I don’t think there’s anything wrong with doing such a thing on rare occasion, but as a habit, I’d really question the people who were doing that and whether they shared my values.
Q9: Gas cards
I have a question regarding gas cards and if they can help with my credit score. Some quick background first: I graduated from college in 2005 with nearly $10K in credit card debt (spread over 4 separate high interest cards) and $18K in student loan debt. I also had a small bank loan for my car which was around $2500. I struggled to make ends meet and just trying to make the minimum payments on my maxed out cards. I would pay a card partway down and then end up using it for some “emergency”. After a few years I found out about a debt management program from a coworker and with that company’s help I had all of my credit card debt paid off in a few years. This was around summer 2008. All of the credit accounts were closed due to being on the debt management plan. I have not reopened any credit cards since then.
I now have a solid emergency fund in place and am thinking I would like to start saving for a down payment on a home sometime in the next 2-5 years. I want to make sure my credit score is as good as possible down the road and have been thinking about opening a credit card account so that I have solid history of diverse types of loans (I currently have less than 1.5 years on my auto loan). I know from reading your site and some books that about 10% of your FICO score can come from the different types of credit one has. Do you know if this means they want to see something more than credit cards, or does it mean that it is better to have several types currently open such as car loan, mortgage, and credit cards?
I currently have old (nearly 3 yr old) bad credit card history as well as the student loans and the car loan. Would it help me at all to open a new line of credit on a credit card? I know this can actually hurt your score short term, but am hoping the 2+ years between now and my goal timeline of applying for a mortgage would negate that negative effect. Also, while I am open to the idea of a new credit card (which I would be fanatical about keeping at a zero balance) I feel a lot of hesitation due to my previous problems.
Whew, now I am finally to the point! I have seen the offers for gas cards. The websites seem to offer 2-3 options – usually a “plus” or “preferred” card and a (X company) Visa/MasterCard. What is the difference in these cards? My ideal situation would be to use this new card exclusively for gas purchases and pay it down to zero every month. I don’t necessarily want to even have the option of using the card at the mall. Do the “plus” cards only allow you to buy from the associated (Citgo/BP/Exxon) company? And do they carry the same weight in terms of my credit score as a “normal” credit card would? I know you have endorsed a specific “Citi” card on your site, but I guess my inquiry is focused entirely on gas cards as that is the only area I trust myself to use a credit card responsibly.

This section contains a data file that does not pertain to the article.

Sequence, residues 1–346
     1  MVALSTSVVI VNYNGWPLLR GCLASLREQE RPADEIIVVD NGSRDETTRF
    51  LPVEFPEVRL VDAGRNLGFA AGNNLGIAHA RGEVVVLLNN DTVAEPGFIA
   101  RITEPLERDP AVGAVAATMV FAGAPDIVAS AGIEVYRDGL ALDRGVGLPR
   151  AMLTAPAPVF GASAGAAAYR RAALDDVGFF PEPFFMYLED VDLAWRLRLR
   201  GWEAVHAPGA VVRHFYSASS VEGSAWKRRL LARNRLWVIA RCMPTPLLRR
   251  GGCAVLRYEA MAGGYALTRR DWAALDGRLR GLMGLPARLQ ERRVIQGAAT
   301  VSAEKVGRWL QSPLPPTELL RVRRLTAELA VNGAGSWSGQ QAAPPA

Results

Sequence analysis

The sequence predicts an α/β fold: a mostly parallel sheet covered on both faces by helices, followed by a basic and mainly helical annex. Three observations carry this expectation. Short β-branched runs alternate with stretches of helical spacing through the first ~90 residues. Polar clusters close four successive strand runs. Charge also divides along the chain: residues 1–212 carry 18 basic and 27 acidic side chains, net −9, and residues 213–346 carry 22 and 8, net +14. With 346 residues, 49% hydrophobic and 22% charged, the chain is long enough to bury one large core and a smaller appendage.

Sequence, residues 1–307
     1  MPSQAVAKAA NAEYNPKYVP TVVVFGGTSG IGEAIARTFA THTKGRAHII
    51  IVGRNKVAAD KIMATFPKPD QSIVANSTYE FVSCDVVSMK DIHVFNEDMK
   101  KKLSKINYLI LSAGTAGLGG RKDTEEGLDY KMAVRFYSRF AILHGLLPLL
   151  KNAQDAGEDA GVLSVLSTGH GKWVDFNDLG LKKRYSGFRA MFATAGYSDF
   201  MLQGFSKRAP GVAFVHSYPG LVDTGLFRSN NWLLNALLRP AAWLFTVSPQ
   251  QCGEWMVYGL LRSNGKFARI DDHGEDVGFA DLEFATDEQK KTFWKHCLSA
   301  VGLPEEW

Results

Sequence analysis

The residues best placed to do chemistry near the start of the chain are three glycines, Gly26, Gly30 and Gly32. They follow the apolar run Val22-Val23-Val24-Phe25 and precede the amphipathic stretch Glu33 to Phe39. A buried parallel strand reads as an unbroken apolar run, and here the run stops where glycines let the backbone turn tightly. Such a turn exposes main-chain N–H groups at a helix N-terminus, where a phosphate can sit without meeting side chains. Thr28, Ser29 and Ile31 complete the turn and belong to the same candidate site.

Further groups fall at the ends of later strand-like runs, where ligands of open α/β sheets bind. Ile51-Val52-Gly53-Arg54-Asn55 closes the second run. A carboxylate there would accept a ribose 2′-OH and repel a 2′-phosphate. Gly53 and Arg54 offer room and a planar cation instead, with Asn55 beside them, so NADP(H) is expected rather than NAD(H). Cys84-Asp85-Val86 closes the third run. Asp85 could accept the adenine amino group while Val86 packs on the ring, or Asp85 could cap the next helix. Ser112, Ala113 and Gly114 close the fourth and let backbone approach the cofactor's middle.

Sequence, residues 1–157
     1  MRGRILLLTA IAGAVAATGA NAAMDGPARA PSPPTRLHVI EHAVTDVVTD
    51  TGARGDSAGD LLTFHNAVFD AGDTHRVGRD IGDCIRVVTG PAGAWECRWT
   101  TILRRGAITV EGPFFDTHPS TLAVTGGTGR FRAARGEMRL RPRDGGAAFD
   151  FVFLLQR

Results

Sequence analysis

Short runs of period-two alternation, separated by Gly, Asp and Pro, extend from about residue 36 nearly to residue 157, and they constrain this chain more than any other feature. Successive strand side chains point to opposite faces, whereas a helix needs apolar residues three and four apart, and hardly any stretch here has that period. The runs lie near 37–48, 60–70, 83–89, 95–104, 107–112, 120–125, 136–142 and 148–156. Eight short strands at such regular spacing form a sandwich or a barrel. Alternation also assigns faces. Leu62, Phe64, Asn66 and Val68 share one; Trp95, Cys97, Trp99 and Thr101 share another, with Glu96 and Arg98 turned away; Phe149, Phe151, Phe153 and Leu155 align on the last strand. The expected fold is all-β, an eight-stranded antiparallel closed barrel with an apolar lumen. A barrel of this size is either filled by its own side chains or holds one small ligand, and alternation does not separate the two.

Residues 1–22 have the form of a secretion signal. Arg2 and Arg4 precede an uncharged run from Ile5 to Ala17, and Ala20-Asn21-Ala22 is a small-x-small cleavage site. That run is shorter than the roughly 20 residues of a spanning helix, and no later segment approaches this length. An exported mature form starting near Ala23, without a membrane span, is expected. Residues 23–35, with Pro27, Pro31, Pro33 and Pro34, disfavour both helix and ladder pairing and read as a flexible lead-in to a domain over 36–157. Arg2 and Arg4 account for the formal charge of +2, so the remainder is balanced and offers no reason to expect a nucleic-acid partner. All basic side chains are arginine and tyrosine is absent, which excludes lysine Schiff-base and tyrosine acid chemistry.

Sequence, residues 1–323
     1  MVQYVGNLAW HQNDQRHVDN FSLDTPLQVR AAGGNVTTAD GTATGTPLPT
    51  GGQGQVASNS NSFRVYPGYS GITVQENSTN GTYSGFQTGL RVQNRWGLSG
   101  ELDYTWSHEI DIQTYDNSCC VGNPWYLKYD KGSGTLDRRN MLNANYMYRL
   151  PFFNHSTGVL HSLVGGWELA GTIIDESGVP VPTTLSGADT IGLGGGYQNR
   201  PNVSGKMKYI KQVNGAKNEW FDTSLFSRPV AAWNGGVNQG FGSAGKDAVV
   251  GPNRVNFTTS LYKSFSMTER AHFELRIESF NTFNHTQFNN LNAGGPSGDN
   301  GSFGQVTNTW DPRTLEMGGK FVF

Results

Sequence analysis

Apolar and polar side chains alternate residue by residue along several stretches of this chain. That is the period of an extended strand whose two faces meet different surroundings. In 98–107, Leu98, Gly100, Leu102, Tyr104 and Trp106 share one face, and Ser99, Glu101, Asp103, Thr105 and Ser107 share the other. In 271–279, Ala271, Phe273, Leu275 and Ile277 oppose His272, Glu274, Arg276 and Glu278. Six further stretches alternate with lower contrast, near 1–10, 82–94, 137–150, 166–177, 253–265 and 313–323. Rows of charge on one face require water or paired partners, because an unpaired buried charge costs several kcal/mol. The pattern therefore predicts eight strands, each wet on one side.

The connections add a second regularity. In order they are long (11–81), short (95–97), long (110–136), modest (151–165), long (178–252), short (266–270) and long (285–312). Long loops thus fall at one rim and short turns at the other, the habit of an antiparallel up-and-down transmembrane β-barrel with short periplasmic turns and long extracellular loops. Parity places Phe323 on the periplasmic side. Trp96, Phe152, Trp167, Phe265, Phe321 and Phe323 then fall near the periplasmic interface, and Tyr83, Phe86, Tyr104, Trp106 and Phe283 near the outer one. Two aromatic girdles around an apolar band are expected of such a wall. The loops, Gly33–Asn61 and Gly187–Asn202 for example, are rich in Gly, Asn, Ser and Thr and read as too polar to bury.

There’s no real difference between the cards based on the words you used there. They’re marketing terms, nothing more.
You need to look at the details of the various offers to really determine which offer is right for you.
I do think it’s a good move to select a card that you would use only at the pump. Not only do such cards have pretty solid reward programs, keeping it pump-only keeps you from getting into too much credit card trouble.
In my eyes, the key idea behind The Simple Dollar is that every modern life is built on a foundation of many elements, and finances are one of the cornerstones of that foundation. If you want to live a great life and follow your dreams and achieve your goals, you’ve got to have a strong foundation underneath that.
So, how do you build that foundation? Finances are a big part of that foundation. You’ve got to have your money under control. Hand in hand with that is the ability to earn money, which comes from having other aspects of your life under control. You’ve got to have some basic skills, and the stronger those skills are, the easier it is to make money in this world. Time management. Public speaking. Information management. Specific skills that apply to your career area.
All of these elements allow you to chase your dreams, whatever they may be.
All of the articles I write for The Simple Dollar focus on this house you’re building and the foundation upon which it rests.
Got any questions? Email them to me or leave them in the comments and I’ll attempt to answer them in a future mailbag (which, by way of full disclosure, may also get re-posted on other websites that pick up my blog). However, I do receive hundreds of questions per week, so I may not necessarily be able to answer yours.